Let me tell you about last night.
I walked into the bar I was doing stand-up at around 8:00 p.m. The list wasn't supposed to go out until around 9:00 so I figured I was early enough. I was wrong. The entire back area of Merkles was packed, there was about twenty-five other guys already sitting there waiting to put their name on the list.
And here's the thing about the comedy scene in Chicago (at least from my point of view) everyone knows everyone. Unless you're me, nobody really knows me. So every time I walk into a comedy night and see the big group of guys all sitting together shooting the shit just being bros, a little part of me always feels like the creepy new kid at school. I do that terrible "I'm looking around the room pretending to see if the fake person I'm meeting is here, but oh shoot they're not because they're fake" look around the room for a minute or two feeling like a real ass hat. But then a bigger part of me reminds me to stop being such a pansy and just order a beer. It's just those first three minutes of walking in somewhere alone that are always the worst. Thank God for iphones.
But luckily last night I didn't have to pretend to play on my phone all by my lonesome for too long because eventually I had some female reinforcement thanks to my pals Alison, Megan and Emily for coming out to watch. I can't wait to watch them next!
Anyway, the thing I like about Merkles is that you get a chance to see some of the best up and coming comics around Chicago. I saw a lot of guys there last night that I recognized from other venues around Chicago where they host their own gigs, which is something every newbie aspires to do. I think anyway, all this stuff is so foreign to me. But it's time I learn, I'm tired of being on the outside.
I usually practice my set quite a few times before going on stage and make sure I have my routine down. But for some reason last night I wanted to wing it a bit. I've got a list of jokes/things I like to talk about it in my head, but I wasn't sure the order or how I was going to say it for sure. I figured I'd let the crowd dictate what was and wasn't working. Turns out I'm not quite ready to wing it yet.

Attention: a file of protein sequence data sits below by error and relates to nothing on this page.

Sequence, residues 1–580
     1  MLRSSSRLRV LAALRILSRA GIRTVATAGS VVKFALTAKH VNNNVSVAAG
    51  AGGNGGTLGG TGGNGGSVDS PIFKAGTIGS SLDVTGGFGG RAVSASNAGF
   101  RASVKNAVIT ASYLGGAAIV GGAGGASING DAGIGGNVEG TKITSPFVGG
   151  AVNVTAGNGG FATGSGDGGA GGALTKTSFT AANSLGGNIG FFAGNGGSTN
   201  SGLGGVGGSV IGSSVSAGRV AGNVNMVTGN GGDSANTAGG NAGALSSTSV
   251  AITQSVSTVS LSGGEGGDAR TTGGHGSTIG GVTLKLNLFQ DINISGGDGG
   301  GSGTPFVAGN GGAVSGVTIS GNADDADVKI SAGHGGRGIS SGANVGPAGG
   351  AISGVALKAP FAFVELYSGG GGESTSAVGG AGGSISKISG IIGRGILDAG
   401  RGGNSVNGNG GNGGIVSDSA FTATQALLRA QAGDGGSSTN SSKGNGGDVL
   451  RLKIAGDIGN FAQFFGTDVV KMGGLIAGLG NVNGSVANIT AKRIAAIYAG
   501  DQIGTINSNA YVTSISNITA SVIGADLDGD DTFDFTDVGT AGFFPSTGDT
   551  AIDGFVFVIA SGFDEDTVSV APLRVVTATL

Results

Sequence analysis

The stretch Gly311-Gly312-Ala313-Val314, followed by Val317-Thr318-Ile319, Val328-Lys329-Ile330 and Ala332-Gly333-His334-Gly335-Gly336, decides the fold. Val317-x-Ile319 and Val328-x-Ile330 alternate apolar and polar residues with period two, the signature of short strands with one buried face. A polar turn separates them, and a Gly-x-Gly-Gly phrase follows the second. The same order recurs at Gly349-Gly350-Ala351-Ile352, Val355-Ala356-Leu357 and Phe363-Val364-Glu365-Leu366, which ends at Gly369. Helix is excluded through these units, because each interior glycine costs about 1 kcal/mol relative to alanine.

I didn't forget what I was saying when I got up there, but I did blackout just a wee bit. And when I say "blackout" I don't mean I just stand up there with a blank face not speaking, it's more like I go into autopilot and I'm just up there talking and moving but I don't quite know what's going on and I can't tell if people are laughing at me because they think I'm funny or because they feel bad for me. It's a pretty weird feeling, but it's pretty great too. If you've ever been tempted to try stand-up before, and I know there's a lot of you out there who have been, you just gotta do it. At least once in your life, you owe it to yourself.
Long story short, when the host came to find me at the end of the night to tell me I should stay close because they were announcing the finalists I thought he was joking. And when he called me on stage with two other comedians who are well known on the scene for being really good I still thought he was joking. In fact I think I looked to the ceiling for the bucket of pigs blood that was about to be dropped on my head. When the three of us finalists had to answer questions from the crowd the only thing I could muster was "I'm just so thrilled to be up here is all," and that was the truth. It's still the truth.
In all honesty I'm probably the only person who cared that I was a "finalist" last night. It's really not a big deal to any of the other comedians there because they're all really good, doing cool stuff all of the time and the contest at Merkles is more or less a big joke. But screw it. I'm letting myself be excited, whether it was a big old joke or not. I was a finalist in my first comedy contest, I'm going to ride that one out all week.
So take that old Talent Lady McGee, 2014 is the year of Wolfe.